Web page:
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Overview

Ideals of character and beauty, and conceptions of self and society, were in flux during Late Antiquity, a period of extensive dramatic cultural upheaval for the Roman world, as the extraordinary growth of Christianity eclipsed paganism. Textiles from Late Antiquity document transformations of cultural traditions and societal values at the most intimate level of the individual body and the home. These textile artifacts are fragile, preserved only in arid conditions, often in fragments, and only rarely intact.

The textiles selected for the exhibition Designing Identity at New York University's Institute for the Study of the Ancient World present an aesthetic of vibrant colors, fine materials, technical virtuosity of professional production, and variations on designs that display personal identity in the clothing of men, women, and children, as well as hopes for prosperity and protection in the textile furnishings of households. Prized for their artistry since the earliest discoveries beginning at the turn of the nineteenth century, such textiles were eagerly collected by designers, artists, scholars, museums, and captains of industry. This exhibition catalogue explores the parallel histories of ancient textile production and consumption, and the modern business of collecting Late Antique textiles.

Contributors include Jennifer Ball, Edward Bleiberg, Kathrin Colburn, Helen Evans, Christine Kondoleon, Brandie Ratliff, Thelma Thomas, and Elizabeth Williams.

Cover photograph © Bruce M. White, 201?

Product Details

ISBN-13: 9780691169422
Publisher: Princeton University Press
Publication date: 03/22/2016
Pages: 152
Product dimensions: 9.00(w) x 11.40(h) x 0.90(d)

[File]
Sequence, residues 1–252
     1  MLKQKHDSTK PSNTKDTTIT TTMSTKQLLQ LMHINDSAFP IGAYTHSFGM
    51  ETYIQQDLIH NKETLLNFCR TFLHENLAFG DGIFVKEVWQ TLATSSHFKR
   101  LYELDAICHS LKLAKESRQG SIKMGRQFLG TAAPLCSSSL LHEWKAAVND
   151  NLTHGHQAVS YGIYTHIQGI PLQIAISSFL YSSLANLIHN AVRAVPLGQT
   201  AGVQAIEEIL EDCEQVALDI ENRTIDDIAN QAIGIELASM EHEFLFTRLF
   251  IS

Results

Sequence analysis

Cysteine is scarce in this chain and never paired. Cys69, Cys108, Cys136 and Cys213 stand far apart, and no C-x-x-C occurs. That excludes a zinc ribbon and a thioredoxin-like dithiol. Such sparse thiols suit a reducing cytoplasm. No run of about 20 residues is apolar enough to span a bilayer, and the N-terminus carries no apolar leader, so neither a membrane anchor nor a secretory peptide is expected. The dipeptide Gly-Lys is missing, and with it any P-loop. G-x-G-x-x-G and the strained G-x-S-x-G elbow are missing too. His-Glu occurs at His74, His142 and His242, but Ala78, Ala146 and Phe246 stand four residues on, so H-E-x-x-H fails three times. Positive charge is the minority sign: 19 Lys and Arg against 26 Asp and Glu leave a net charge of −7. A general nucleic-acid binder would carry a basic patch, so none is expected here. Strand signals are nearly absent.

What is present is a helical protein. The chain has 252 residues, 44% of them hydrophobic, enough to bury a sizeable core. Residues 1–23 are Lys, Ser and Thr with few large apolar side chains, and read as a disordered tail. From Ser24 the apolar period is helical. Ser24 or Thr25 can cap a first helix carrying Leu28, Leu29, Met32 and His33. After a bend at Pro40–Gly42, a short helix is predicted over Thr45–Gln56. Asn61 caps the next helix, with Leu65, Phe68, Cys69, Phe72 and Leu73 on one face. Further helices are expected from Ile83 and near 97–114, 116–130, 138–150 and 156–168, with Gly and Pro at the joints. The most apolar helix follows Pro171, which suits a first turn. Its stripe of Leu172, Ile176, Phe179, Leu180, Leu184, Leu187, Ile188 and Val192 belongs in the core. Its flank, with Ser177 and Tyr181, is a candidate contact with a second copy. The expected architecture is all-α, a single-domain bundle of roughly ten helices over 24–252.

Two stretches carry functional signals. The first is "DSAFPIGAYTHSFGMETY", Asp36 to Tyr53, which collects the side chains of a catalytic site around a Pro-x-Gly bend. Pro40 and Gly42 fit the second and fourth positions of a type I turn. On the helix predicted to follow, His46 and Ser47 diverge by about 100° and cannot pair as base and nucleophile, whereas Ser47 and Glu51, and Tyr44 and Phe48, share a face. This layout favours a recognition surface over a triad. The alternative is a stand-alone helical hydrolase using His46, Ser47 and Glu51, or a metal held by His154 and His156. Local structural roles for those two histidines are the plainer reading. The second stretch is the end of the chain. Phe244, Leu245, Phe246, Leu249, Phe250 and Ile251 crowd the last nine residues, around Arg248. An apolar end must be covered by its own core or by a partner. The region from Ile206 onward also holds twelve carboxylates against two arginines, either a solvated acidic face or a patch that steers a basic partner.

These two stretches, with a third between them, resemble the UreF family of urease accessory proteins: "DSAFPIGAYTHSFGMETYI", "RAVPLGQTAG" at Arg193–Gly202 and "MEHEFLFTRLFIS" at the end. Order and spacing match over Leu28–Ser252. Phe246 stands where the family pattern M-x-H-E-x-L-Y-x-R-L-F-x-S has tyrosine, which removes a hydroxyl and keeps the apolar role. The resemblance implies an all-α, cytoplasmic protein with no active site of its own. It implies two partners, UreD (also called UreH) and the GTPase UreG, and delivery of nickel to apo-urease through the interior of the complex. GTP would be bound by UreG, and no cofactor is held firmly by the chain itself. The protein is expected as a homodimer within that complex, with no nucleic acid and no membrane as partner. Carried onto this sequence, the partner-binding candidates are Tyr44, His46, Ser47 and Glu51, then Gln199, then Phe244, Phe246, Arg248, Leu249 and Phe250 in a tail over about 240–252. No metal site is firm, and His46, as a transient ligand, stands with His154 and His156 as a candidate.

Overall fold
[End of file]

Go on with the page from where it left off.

About the Author

Thelma K. Thomas is currently an associate professor at the Institute of Fine Arts of New York University. She is the author of Late Antique Egyptian Funerary Sculpture: Images for this World and the Next (Princeton) and the coeditor (with Elizabeth Sears) of Reading Medieval Images: The Art Historian and the Object.

Table of Contents

Letter from Roger S. Bagnall, Leon Levy Director, ISAW 7
Acknowledgments, Jennifer Y. Chi, Exhibitions Director and Chief Curator, ISAW 8
Introduction: The Material World of Late Antiquity, Then and Now, Thelma K. Thomas, Institute of Fine Arts, New York University10
Map: The Roman Empire at 400 CE 16
1 TEXTILES FOR CLOTHING AND FURNISHINGS: PUTTING LATE ANTIQUE ROMAN SOCIETY AND CULTURE ON DISPLAY 19
1.1 Material Meaning in Late Antiquity, Thelma K. Thomas 20
1.2 Charms: Protective and Auspicious Motifs, Jennifer L. Ball, Brooklyn College 54
1.3 The Continuity of Late Antique Patterns, Helen C. Evans, The Metropolitan Museum of Art 66
1.4 Making Textiles and Assessing Their Value, Thelma K. Thomas 78
2 LATE ANTIQUE TEXTILES IN MODERN TIMES: COLLECTING AND COLLECTIONS 85
2.1 Late Antique Textiles at the Museum of Fine Arts, Boston: Expanded Vistas, Christine Kondoleon, Museum of Fine Arts, Boston 86
2.2 Collecting and Exhibiting Late Antique Textiles at the Brooklyn Museum, Edward Bleiberg, Brooklyn Museum 96
2.3 Minor Art, Major Works: An Overview of Dumbarton Oaks' Collections of Late Antique and Medieval Textiles, Elizabeth Dospel Williams, Dumbarton Oaks Research Library and Collection / George Washington University 104
2.4 Collecting Late Antique Textiles at the Metropolitan Museum of Art, Brandie Ratliff, Mary Jaharis Center for Byzantine Art and Culture at Hellenic College Holy Cross 116
2.5 A Closer Look at Textiles from the Collection of the Metropolitan Museum of Art: Materials and Techniques, Kathrin Colburn, The Metropolitan Museum of Art126
Glossary 142
Exhibition Checklist 144
Bibliography 149
Photography and Drawing Credits 159

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